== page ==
Kids grow up too fast. It feels like just when you figure out a stage of their development they move onto the next one. And before you know it, the decisions you made around their diets, their caregivers, their activities and their schools have determined the course they will take in life.
Doesn’t that seem scary? Because most of the time we don’t even make decisions with a long-range view in mind. Most often, our generation is looking at what’s on offer, what’s new, and what’s most convenient, not necessarily making parenting choices based on the long term affects and consequences.
Ballet on a Tuesday at the same place where I gym – cool, we’re in! Cousins heading off to soccer on Saturdays – sounds fun, we’ll do it! Gymnastics comes to the school for 30min on a Friday, sign us up! School down the road means the nanny can walk there and back – that’s helpful! We move from one frantic year to the next with schedules and plans that, while in each specific case are not bad, might not have been the very best use of our time, energy and resources for our children in that stage of life.
The truth is, we have a very small window of opportunity to invest in our children:
Needy babies become toddlers who shakily head off to preschool, preschoolers get more coordinated and social and become scholars, scholars learn to read and write and become pre-teens, pre-teens get their own social circle and become teenagers – and with that your parenting influence and the dependency your child once had on you, diminishes. It’s gone in a flash.
So it’s probably a good idea to take stock when your kids are still young, educate yourself, and get a long-range view for what you want to emphasize and focus on in the early years, because all the research tells us that the early years matter folks: Reading to them, spending time with them, healthy sleep and diet routines, and exposure to music matters. And most especially their Brain Development matters – good, healthy, brain development that creates neuropathways that will set them up for a successful future.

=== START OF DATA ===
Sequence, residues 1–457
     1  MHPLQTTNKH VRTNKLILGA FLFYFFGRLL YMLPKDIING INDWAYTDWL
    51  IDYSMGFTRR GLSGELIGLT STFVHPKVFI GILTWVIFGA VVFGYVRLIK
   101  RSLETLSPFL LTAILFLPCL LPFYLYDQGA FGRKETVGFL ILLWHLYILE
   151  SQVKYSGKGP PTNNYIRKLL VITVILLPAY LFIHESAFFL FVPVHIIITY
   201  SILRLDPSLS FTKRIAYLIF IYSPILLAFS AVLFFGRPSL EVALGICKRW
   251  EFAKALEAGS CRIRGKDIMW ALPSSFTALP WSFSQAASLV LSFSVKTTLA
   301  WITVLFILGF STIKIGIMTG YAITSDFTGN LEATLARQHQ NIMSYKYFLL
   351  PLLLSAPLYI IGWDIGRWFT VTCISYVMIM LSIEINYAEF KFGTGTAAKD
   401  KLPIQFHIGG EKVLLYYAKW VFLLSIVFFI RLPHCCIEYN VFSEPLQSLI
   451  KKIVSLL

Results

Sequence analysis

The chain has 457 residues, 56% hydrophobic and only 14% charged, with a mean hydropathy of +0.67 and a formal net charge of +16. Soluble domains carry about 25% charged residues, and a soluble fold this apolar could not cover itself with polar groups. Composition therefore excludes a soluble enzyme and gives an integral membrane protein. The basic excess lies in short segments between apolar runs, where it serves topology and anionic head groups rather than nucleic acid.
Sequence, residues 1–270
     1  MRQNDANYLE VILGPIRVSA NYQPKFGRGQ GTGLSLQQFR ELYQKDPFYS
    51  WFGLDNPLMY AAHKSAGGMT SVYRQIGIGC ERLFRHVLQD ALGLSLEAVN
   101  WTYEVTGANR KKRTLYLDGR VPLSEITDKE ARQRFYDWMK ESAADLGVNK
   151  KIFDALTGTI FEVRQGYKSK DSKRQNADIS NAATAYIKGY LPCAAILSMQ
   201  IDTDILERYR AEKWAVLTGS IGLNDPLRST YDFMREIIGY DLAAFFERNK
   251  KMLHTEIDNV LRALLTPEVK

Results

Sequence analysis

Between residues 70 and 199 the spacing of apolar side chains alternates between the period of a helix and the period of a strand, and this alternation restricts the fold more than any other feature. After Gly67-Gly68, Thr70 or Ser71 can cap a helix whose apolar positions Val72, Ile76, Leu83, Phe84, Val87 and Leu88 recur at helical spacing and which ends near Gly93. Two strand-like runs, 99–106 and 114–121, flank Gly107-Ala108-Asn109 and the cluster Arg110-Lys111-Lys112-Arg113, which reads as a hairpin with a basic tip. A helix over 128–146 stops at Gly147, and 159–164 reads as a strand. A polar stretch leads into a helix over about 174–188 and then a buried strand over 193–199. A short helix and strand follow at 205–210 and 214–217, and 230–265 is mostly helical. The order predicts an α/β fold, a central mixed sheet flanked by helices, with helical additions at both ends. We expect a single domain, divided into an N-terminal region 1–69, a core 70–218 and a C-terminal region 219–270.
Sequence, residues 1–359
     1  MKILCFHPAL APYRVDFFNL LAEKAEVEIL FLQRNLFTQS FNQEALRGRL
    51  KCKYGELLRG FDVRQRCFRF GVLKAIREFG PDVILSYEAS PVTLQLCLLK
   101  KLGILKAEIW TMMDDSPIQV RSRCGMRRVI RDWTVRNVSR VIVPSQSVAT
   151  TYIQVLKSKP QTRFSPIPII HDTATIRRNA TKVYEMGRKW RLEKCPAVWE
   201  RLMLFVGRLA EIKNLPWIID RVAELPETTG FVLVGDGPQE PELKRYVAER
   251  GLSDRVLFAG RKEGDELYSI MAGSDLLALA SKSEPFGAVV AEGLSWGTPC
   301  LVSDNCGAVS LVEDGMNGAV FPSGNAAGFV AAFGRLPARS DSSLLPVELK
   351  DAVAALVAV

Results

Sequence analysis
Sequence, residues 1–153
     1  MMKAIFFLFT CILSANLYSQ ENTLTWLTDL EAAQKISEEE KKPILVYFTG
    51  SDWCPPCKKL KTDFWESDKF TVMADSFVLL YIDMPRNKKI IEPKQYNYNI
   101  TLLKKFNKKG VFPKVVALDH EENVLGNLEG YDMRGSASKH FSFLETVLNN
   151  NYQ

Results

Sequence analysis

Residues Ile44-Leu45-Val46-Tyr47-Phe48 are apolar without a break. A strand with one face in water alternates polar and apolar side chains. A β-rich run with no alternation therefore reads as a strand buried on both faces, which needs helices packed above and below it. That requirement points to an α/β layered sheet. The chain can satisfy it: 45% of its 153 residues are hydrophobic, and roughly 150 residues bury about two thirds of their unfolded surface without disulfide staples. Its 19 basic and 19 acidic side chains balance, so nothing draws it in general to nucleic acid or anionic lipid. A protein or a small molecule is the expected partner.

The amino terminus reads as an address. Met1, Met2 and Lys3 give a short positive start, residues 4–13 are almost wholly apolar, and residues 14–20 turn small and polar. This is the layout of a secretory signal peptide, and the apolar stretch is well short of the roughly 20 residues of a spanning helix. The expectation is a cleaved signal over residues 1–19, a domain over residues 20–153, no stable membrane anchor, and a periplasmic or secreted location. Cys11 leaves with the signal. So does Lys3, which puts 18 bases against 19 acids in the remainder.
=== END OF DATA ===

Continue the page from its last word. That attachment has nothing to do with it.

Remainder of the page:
Exposure to additional language learning is arguably the best brain development you can give your child in their early years.
The investment of an additional language for 3 consistent and deliberate years will have enormous benefits on their brain because the constant need to shift attention between two or more languages makes the brain more efficient, perform better and solve problems more easily. It also makes learning languages easier and it makes children more adaptable.
Ballet, soccer, and gymnastics, are all good options for children to be exposed to and participate in, and certainly have their place in a child’s development and personality. But with limited time and resources, and knowing that the early years are so critical, there is a case for setting aside three years to develop their brain in new and significant ways in order to reap the long term benefits. You might still have the chance to master the plie later in life but you won’t be able to acquire near perfect pronunciation, or identify the tiny differences in a language’s tones after the age of (approximately) 7yrs.
There is this gift that we get with our children, this ‘window of opportunity’ where we get to make the most significant difference in their development, and we should not let it go by without grabbing it with both hands.
We should not settle for good, when we can give them the very best start in life. A 3-year investment into acquiring a new language is an investment you will never regret, that yields results long into the future. Your children will thank you.